Easy Soondubu Kimchi Jjigae – Korean Soft Tofu Kimchi Stew (韩式泡菜豆腐煲)
January 22, 2022  Print
I used to frequent Korean restaurants in my 20’s while living in mid-town Manhattan. The Korean restaurants in K-town were the only ones opening 24-7 near where I lived (right near the Empire State building). I would go there in the wee hours after a late night of work with my then boyfriend (husband now), and we would order and enjoy some yummy Korean dishes while talking about work and life.
One of my favorite dishes to order was Soondubu Jjigae (Soft Tofu Stew). I never got tired of it. I would try different combos with seafood, beef, mushrooms, Kimchi, etc. It was especially delicious and warming when the weather was cold.
How time flies! Now I live in a Texas suburb with my husband and two kids. Instead of eating out, I cook most of the time. I admit I definitely cook more Chinese food than other Asian cuisines but I also like to diversify and take advantage of living the melting pot environment of the US.
I like to cook some of my favorite Korean dishes for my family from time to time. Since I’m not Korean, I don’t always have a full pantry of Korean ingredients. But I do stock the essential ones, like Kimchi, dried anchovies, kelp, salted shrimp, hot pepper paste, and miso sauce. Many of these are also used in Chinese and Japanese cuisines.
Today’s recipe Soondubu Kimchi Jjigae (Soft Tofu Kimchi Stew) is a slightly modified version of one shared with me by a good Korean friend. This version is pretty simple yet tasty, and great for a cold day! Like many Korean jjigae (stews), dried anchovies and kelp are essential for making the soup base. Without these two ingredients, you really can’t get that complex umami taste. Some Asian grocery stores sell them together in packages, but it’s much cheaper to buy them separately. Both dried anchovies and kelp can be stored for a long time so it works out really well for someone like me who occasionally wants to enjoy some homemade yummy Korean jjigae.
If you like tofu based soup/stew, you can try my other tofu recipes: Tomato Fish Fillet Tofu Stew, Napa Cabbage Tofu Pork Bone Soup, and Luffa Fish Fillet Tofu Stew.
Tool: Korean earthenware (medium size) 1
Gluten Free, Low Carb
Preparation Time: 5 minutes
Total Time: 40 minutes
Servings: 2 – 4 people
- 1 tube of soft Korean tofu (aka. soondubu or sundubu) 2
- 1 cup napa kimchi 3 (cut into smaller pieces)
- 1 tablespoon of Korean hot pepper flakes (aka. gochugaroo) 4
- 3 – 5 dried anchovies (aka. myul chi) 5
- 1 medium piece dried kelp (aka. dashima) 6
- 1 teaspoon fish sauce
- 1 teaspoon soy sauce 7
- 1 to 2 large eggs
- previously thawed or fresh seafood (optional) 8
- Peel and mince the garlic. Wash the dried kelp to remove any visible dust.
- Heat a stone pot or a small sauce pan under medium heat. When the pot is warm, add the one teaspoon of vegetable oil and the minced garlic, stirring a bit until the garlic releases some aroma. Add the napa kimchi and the 1 tablespoon of Korean hot pepper flakes, stirring together for a bit. Then add ~2 cups water or until the water level is about 1 inch above the kimchi.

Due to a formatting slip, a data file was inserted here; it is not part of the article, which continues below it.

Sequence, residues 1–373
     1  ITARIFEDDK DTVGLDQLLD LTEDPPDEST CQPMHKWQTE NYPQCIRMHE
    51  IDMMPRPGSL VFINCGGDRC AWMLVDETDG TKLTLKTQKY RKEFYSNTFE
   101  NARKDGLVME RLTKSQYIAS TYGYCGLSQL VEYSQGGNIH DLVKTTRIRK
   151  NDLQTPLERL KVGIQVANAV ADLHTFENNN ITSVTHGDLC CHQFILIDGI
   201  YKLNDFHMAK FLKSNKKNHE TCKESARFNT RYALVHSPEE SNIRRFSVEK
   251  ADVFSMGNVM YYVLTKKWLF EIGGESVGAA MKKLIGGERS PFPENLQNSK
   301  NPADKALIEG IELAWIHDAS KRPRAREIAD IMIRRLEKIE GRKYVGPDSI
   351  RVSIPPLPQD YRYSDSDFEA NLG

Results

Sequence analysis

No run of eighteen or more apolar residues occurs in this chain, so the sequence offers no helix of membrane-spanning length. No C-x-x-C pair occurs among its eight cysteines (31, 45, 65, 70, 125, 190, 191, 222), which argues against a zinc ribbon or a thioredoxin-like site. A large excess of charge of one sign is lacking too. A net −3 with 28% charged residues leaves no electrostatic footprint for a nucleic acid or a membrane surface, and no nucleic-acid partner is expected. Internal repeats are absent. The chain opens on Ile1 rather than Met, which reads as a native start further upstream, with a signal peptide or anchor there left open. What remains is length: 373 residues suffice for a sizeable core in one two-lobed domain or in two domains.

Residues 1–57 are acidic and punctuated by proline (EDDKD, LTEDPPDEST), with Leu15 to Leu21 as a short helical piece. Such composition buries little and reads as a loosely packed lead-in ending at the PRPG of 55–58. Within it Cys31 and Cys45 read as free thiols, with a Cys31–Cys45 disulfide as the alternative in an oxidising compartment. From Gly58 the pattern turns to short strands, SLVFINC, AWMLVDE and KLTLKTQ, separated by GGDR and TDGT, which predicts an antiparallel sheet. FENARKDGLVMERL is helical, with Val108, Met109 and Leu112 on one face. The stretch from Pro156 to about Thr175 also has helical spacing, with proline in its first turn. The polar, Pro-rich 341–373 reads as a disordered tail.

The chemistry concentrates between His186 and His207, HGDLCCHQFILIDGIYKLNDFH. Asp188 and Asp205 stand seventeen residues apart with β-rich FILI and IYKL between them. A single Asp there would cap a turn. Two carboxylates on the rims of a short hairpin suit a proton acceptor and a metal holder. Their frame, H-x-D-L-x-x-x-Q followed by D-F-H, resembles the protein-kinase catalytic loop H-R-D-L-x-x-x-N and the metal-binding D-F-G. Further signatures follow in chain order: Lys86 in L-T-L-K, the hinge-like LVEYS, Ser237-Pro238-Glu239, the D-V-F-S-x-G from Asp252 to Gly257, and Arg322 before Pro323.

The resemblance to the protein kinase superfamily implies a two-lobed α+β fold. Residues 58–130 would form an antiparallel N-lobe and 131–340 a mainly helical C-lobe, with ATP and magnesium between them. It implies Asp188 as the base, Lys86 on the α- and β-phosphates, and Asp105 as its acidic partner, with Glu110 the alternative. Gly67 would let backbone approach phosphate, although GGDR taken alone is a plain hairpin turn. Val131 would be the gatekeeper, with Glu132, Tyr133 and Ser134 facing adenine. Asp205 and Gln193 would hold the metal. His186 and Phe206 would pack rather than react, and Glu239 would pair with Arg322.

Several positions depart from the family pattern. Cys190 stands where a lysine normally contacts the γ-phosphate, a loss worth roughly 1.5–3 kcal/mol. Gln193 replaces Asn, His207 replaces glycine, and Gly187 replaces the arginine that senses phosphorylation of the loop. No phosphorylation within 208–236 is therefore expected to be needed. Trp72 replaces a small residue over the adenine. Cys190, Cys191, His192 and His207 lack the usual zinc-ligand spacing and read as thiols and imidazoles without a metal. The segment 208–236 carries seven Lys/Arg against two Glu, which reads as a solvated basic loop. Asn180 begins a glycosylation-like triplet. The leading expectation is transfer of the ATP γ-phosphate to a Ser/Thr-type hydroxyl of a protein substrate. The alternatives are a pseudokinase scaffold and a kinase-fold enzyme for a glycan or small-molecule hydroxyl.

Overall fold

- Add the dried anchovies and dried kelp. Then set the heat to medium high. Cover the lid. After the liquid starts boiling, lower the heat to medium-low and let simmer for 15 minutes.
- After 15 minutes, remove the dried anchovies and kelp. Add the 1 teaspoon of fish sauce and 1 teaspoon of soy sauce, mixing well. Add the seafood (if using). Then add a tube of soondubu to the pot. Use a chopstick or spoon to gently cut the tofu into pieces. Turn the heat to medium or medium-high. Cover the lid and let boil again.
- When liquid boils again, crack and add 1 or 2 raw eggs and sprinkle some green onions on top. Best enjoyed when hot!
- You can usually get earthenware from any Korean grocery store and many Asian grocery stores. The amounts this recipe calls for is meant for a medium-sized earthenware pot. Alternatively, you can use a 1.5 – 2 quart small sauce pan.
- Make sure you get the soft Korean tofu that’s specific to soondubu/sundubu jjigae. They are usually sold in tubes. To open, simply use a sharp chef’s knife to cut it in the middle.
- The napa cabbage kimchi should be translucent rather than solid white. This means it is fully fermented.
- You can change the amount of Korean hot pepper flakes based on your heat tolerance. I used medium-heat hot pepper flakes. 1 tablespoon results moderately spicy jjigae.
- Use either medium or large dried anchovies. Dried anchovies can be found in most Asian grocery stores in either the refrigerated or freezer section. They can be stored in a freezer for a long time.
- Dried kelp can be found in most Asian grocery stores as well. They are sold in long slices. You only need a piece about 3 inches x 6 inches in size. It does expand after washing.
- Use gluten-free soy sauce if you are gluten free or gluten intolerant.
- For a varied taste, you can use any type or combination of seafood. I tend to get the frozen seafood mix bag which usually has shrimp, mussels, and squid.
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